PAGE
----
Frederick Noe Frederick Noe - 1 month ago 22
C# Question

Ambiguous Rectangle constructor

Quick question about the Rectangle constructor in System.Windows.Shapes. I'm trying to create a Rectangle object using the following code.

Rectangle rect1 = new Rectangle(5,5,5,5);

However, I get an error saying that the Rectangle constructor doesn't take 4 arguments. After some extensive research, the documentation gives a couple explicit constructors, such as these two.

Rectangle(int32,int32, int32, int32);


Rectangle(Point, Size);

I have tried using both, and it accepts neither, giving the error that the Rectangle class doesn't accept either 2 or 4 arguments. However, when I don't pass it any arguments, it works fine. The issue is that there is no way to access the location of the Rectangle, so I can only change the width and height after creating the object, not the location.


This is indeed part of a homework assignment, but a very, very small piece of a larger whole, and as I have spent a lot of time on this one simple problem(so I assume), therefore, I have no qualms about asking here.


After some back and forth in comments, this is what you actually want: A UI element in a Canvas, depicting a rectangular shape.

var rect = new System.Windows.Shapes.Rectangle();

//  Capital C Canvas: Static methods of System.Windows.Canvas, setting what are 
//  called "attached properties" in WPF. This is very weird if you're new to WPF, sorry. 
Canvas.SetLeft(rect, 5);
Canvas.SetTop(rect, 5);
rect.Height = 5;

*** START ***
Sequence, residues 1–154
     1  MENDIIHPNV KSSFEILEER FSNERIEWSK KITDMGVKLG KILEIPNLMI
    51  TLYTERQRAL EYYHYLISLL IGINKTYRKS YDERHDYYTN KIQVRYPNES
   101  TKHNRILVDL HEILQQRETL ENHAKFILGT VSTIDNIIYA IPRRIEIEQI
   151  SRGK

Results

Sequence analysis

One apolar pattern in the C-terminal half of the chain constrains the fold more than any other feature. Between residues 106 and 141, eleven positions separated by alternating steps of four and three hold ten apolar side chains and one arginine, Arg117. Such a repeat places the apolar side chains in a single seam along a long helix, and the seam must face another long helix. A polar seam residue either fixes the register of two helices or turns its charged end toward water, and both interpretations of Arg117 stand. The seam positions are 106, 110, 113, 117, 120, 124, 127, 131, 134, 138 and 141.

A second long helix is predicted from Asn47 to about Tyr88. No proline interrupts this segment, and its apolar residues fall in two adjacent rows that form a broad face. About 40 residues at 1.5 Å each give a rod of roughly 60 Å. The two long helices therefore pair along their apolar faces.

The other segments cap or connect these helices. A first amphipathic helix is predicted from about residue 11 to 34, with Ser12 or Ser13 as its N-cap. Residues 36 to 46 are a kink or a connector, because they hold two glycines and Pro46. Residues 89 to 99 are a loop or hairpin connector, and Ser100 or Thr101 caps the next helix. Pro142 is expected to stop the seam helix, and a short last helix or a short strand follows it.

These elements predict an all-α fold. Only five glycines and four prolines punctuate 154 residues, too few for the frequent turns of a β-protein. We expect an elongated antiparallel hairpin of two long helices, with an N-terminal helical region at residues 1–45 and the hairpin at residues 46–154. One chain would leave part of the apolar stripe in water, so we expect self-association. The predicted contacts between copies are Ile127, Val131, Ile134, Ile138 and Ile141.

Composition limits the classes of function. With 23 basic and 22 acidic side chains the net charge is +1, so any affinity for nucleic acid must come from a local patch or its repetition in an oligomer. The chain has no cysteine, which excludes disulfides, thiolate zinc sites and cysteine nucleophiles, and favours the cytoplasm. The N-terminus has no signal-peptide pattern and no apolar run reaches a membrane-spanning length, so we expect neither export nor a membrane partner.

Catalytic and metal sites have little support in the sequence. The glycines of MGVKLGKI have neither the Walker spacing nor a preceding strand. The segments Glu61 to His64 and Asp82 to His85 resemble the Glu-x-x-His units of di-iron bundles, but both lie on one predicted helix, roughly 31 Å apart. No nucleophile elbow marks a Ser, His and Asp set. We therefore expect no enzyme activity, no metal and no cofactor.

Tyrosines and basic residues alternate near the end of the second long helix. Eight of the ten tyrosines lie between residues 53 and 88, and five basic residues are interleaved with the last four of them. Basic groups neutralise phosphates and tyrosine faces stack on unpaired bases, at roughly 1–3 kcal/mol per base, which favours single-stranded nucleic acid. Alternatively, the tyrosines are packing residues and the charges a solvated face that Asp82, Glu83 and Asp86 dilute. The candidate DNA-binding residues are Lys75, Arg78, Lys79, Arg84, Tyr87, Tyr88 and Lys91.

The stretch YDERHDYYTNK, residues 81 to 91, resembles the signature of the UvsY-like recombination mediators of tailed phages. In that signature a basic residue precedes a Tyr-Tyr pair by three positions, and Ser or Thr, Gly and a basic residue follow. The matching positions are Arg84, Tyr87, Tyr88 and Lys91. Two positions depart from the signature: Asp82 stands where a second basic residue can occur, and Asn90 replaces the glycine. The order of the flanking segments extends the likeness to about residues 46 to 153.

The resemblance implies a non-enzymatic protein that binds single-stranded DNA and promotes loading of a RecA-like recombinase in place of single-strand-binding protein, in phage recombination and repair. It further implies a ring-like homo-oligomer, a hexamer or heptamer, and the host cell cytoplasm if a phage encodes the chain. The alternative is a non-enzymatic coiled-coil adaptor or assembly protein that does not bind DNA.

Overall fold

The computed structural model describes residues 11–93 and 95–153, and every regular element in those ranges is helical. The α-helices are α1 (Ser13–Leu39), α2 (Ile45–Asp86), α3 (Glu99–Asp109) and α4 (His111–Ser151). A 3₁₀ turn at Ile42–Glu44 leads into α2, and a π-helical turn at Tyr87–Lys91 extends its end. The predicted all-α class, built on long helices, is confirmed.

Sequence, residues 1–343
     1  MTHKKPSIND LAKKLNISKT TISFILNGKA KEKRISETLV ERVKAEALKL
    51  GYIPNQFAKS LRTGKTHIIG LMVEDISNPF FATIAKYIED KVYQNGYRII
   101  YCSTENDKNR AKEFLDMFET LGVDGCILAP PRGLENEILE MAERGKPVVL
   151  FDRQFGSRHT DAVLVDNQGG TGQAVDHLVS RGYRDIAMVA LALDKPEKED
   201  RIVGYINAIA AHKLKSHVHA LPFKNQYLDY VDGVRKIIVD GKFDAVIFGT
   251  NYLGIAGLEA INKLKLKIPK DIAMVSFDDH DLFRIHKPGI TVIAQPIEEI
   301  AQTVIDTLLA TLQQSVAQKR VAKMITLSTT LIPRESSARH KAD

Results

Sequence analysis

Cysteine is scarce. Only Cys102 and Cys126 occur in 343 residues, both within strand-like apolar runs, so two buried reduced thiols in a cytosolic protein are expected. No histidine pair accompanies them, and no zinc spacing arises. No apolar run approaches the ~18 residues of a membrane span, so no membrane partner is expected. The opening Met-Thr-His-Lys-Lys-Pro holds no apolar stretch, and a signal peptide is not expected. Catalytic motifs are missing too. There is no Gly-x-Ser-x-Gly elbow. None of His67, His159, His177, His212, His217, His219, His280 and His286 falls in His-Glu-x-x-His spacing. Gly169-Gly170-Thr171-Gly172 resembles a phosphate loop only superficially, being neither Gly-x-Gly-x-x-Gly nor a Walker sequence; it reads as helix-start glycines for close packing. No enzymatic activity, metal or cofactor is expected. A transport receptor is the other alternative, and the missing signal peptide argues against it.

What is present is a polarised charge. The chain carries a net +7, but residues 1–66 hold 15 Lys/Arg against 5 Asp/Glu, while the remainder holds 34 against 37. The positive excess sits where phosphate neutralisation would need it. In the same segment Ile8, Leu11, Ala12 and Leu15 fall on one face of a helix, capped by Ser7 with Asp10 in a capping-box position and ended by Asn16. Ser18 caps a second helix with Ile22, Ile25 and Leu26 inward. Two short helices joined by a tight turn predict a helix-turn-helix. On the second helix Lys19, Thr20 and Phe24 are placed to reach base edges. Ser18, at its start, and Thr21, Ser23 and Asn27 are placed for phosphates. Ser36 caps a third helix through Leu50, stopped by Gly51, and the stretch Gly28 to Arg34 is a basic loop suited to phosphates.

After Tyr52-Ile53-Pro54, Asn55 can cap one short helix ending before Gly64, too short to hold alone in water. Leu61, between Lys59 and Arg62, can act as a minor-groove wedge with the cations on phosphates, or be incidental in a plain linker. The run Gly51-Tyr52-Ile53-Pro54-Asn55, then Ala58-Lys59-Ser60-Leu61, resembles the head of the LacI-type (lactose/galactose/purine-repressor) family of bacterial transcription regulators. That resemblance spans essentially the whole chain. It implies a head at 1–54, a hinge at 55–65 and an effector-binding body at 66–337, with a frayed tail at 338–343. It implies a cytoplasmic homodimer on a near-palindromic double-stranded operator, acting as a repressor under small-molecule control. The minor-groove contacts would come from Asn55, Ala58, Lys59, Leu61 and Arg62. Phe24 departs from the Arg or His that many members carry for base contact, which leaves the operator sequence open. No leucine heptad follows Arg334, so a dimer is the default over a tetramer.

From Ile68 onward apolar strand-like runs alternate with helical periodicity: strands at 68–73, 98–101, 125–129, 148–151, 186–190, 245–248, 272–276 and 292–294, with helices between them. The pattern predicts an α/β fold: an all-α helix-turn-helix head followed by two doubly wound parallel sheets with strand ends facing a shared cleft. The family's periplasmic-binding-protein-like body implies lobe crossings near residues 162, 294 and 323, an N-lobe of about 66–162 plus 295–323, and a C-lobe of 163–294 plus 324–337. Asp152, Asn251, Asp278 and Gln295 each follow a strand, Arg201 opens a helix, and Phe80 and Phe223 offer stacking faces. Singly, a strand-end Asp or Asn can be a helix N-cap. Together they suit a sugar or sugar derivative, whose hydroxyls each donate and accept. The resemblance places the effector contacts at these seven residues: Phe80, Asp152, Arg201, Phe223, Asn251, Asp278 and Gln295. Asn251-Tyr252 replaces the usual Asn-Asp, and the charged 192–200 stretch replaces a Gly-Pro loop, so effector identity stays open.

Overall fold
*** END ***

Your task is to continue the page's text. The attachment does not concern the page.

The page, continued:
rect.Width = 5;

//  canvas, lowercase c, is your instance of System.Windows.Canvas

With WPF, I prefer to work in XAML rather than C# for creating UI elements:

<Canvas Width="300" Height="300">

Other possible answers, none applicable in this case

If you're in winforms, use System.Drawing.Rectangle instead. That's the one you were reading the documentation for (kudos for actually reading documentation -- few do).

You may possibly have to add to your project a reference to System.Drawing.dll (in References in the project tree in VS).

In WPF, you can use that class, or System.Windows.Rect. That one uses double precision floating point values instead of integers. Pick whichever is appropriate to the task at hand. UI stuff in WPF is all floating point, so Rect may be best.

The one in Shapes is something else.

If System.Windows.Shapes is in your using lines at the top, delete that if you can.

But if you need to keep that, this always works in cases of ambiguity:

var rect = new System.Drawing.Rectangle(5,5,5,5);
var r2 = new System.Windows.Rect(5,5,5,5);